Yamaha 1 Specifications

Yamaha 1 Specifications
3.05.05
Yamaha YSP-1 Digital Sound
Projector: A Milestone in
Home Theater History
The promise of a high
performance, simple
hook-up, one-box,
surround-sound
system fulfilled
by Patrick Hart of Audioholics.com
Introduction
Years from now home theater enthusiasts may
be reading whole articles on the available models
within the Digital Sound Projector category. For
the present though, there exists only the
category-defining Yamaha YSP-1, a brilliant
marriage of compact form with simply amazing
multi-channel synthesis capability.
First Impressions
When we first heard Yamaha's demonstration
of the YSP-1 at the 2005 CES we were fairly
impressed. I remember noting at the time that the
demo space had no roof. So the ambient noise
level that is CES was at its usual 75DB or so. In
fact, that was one of the most striking aspects of
this demo. Instead of trying to construct an
acoustically-correct sound room for their demo
Yamaha's crew seemed to have wanted to do the
exact opposite. Construct a topless room with
simple, hard walls made of 1/2" ply. There were
large openings at the two back corners through
which dealers could walk in and hear the demo.
Hmmm... what was up?
And the demo... I had heard demos like this in
years past with any number of electronic-only
methods of phase alteration and what-not that
could throw simple sounds like birds chirping up
and behind you - provided you sat in an exact
sweet spot. So given the high ambient SPL from
the CES crowd-noise and what seemed like a
"parlor trick"-style demo on first listen, I was
kinda-sorta impressed but not overly so.
Then, listening a bit longer while still facing
forward I began to notice the spread of the rear
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soundstage. Sure the content was the usual
thunder storm or chirping birds in a forest, but the
sounds were definitely not coming from a tinny
little HTIB speaker mounted to the wall. Rather,
the sound was spread out, maybe four feet wide
over my left and right shoulders. And it seemed to
exist, not glued to a speaker source on the wall,
but floating out in the open space behind me. It
was audibly located perhaps a foot forward of the
plywood-wall, open-ceiling juncture.
Two other interesting and new-to-me surround
phenomena seemed to be taking place. First,
because of the open ceiling, CES' ambient crowdnoise now became the ceiling! The YSP-1's
surround sound did not blend with the crowdnoise. Instead, the surround image stayed fixed
within the confines of the four-wall plywood room.
YSP-1 Digital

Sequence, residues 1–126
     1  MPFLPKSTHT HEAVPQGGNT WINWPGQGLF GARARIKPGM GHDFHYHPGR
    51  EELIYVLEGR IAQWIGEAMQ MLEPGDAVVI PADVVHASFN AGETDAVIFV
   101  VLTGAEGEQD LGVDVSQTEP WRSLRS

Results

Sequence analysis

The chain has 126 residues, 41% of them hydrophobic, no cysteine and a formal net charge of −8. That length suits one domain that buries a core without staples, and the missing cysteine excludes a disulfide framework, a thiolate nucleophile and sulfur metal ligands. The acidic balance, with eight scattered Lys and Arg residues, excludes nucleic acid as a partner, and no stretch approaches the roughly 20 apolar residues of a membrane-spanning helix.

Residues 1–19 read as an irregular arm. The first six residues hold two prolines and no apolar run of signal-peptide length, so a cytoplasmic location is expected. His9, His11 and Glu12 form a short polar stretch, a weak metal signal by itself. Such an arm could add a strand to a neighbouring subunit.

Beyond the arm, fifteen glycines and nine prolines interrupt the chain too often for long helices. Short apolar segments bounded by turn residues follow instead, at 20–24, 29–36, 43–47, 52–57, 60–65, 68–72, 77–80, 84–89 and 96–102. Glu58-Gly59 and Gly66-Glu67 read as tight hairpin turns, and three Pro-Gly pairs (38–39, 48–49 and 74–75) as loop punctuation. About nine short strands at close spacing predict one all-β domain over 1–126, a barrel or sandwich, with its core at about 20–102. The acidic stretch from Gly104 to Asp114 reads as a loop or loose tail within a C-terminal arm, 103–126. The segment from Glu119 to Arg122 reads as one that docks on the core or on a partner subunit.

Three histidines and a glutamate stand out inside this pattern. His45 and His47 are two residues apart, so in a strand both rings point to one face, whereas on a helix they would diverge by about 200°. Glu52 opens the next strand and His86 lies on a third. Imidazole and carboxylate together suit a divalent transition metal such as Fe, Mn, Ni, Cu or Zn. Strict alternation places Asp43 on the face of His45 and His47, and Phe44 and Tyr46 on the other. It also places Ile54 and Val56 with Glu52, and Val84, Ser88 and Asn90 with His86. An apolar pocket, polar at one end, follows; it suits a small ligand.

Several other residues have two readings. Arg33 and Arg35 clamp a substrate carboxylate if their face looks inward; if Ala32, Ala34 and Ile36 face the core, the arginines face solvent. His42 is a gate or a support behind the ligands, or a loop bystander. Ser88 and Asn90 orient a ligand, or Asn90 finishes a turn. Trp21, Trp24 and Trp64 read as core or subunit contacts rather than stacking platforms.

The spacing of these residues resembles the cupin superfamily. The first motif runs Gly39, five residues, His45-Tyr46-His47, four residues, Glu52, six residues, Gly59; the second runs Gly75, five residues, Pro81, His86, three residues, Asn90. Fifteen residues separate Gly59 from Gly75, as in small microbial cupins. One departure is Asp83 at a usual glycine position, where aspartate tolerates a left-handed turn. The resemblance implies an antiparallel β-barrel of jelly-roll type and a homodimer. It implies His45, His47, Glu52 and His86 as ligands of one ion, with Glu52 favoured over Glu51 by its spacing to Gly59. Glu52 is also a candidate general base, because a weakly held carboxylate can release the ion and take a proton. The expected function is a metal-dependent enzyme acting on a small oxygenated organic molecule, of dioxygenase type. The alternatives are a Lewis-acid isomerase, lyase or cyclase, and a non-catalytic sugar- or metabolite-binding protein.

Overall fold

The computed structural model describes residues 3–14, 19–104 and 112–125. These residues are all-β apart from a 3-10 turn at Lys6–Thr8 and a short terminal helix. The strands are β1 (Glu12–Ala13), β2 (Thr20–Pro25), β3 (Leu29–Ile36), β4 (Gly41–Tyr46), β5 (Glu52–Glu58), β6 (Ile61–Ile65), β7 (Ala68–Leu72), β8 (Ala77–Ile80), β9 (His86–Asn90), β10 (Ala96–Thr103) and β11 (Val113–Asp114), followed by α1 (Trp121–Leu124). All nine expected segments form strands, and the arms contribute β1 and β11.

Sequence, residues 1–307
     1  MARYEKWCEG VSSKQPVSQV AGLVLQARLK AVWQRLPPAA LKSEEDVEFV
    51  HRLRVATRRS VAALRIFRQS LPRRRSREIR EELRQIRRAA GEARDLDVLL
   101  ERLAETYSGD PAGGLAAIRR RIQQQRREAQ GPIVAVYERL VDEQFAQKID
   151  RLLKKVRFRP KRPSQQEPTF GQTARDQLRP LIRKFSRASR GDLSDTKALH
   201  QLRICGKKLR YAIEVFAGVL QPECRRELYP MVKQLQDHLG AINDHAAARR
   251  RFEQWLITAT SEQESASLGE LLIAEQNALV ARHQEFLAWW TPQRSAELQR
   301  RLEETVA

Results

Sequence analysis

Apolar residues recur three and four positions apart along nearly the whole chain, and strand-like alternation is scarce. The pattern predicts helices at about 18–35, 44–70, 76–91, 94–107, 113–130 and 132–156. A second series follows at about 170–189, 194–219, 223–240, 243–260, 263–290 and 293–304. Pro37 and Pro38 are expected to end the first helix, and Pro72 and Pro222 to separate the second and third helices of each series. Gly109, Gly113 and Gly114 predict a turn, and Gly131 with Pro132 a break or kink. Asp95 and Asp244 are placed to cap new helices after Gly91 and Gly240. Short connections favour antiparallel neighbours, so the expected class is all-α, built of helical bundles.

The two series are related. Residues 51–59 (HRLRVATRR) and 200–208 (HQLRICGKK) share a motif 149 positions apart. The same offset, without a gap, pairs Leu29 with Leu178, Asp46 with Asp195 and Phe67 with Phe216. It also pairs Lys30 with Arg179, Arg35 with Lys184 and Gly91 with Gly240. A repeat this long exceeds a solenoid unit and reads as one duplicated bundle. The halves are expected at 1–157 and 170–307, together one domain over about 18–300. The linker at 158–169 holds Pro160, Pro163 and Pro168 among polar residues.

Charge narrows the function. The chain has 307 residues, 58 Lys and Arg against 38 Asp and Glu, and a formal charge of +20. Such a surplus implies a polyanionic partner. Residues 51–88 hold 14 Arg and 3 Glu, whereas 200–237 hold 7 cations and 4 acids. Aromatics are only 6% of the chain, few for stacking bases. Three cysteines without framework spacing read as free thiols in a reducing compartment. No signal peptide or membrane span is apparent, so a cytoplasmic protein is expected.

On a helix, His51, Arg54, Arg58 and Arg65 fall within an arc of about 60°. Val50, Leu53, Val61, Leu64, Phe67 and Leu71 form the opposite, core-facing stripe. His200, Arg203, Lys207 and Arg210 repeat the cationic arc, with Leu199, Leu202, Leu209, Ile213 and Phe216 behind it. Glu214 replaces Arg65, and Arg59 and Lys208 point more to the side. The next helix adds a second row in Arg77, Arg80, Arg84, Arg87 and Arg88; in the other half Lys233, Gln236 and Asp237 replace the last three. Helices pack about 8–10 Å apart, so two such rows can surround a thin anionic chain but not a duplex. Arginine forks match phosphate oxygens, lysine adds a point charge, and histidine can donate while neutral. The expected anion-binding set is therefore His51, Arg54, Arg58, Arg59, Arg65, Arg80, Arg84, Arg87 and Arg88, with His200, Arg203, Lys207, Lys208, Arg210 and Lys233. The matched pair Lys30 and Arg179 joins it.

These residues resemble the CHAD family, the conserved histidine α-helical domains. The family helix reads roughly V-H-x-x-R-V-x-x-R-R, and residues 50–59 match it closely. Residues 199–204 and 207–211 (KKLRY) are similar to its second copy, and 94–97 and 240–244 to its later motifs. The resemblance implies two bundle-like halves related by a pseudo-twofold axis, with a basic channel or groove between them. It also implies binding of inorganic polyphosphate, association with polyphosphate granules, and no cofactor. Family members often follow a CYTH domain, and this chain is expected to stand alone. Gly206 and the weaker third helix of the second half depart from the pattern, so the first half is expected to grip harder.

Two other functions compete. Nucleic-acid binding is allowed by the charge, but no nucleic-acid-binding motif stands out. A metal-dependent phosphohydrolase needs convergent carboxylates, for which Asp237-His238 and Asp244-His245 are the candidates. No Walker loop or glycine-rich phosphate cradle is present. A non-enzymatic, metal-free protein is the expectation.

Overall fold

Sound Projector
review
Secondly, the quality of the bird tweets and
thunderstorm seemed to sound much more like
the real thing. Since the whole Audioholics crew
was hearing this demo at the same time, I
tempered my enthusiasm for the moment while
we politely requested a sample for review.
What It Is, What It Is Not
The Yamaha YSP-1 is, quite simply, a singlebox, high performance home theater solution
which, by its very nature, integrates more easily
into a typical home environment than any
product that has come before.
The YSP-1 is based around digital
Sound Projector technology developed
over the past 7 years in Cambridge,
England, by 1 Ltd, a small hi-tech R & D
IP-licensing company founded by Dr. Tony
Hooley in 1995. Until now this technology
was only previously licensed to Pioneer of
Japan. For more information, please read
my exclusive interview with Dr. Hooley.
To define it component-wise using standard
audio categories, the YSP-1's internal subsystems would break down roughly as follows:
1. It is an Audio Preamp/Processor
which integrates with analog or
digital video sources. The YSP-1
hooks up to both digital and analog audio
sources. Dolby Digital and DTS are builtin for movies while Dolby Pro Logic II and
DTS Neo 6 can transform two-channel
music into five channel surround. The
number of inputs has been kept to a bare
minimum but, as will be seen, they will
support the most common configurations
for which this unit will likely be used. This
includes the capability to hook up to a
DVD player, a cable or satellite receiver
box (analog audio, digital video), an
analog or digital TV and even analog
audio from a VCR. Then there is the everpresent aux digital input which can be
used for a digital cable TV, digital satellite
TV or game console.
2. It has forty-two channels of digital
amplification. The YSP-1 has forty 2.5
watt digital amplifiers, each tied directly to
its own 1.25" transducer within the array.
There are also two 20-watt digital
amplifiers which deliver power to two 4.5"
mid-woofers.
3. The YSP-1 has a proprietary (1 Ltd)
digital signal allocation and "beam
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steering" audio processor chip. All of
the transducers are used for ALL of the 5
different steered channels – they are
NOT used as subsets; i.e. some for each
beam only.
4. It is a button-push configurable twochannel, three channel, five-channel
and three LCR channel + 2 channel
surround-capable speaker system.
Forty-two transducers total; two 4.5" left
and right front mid-woofers on either side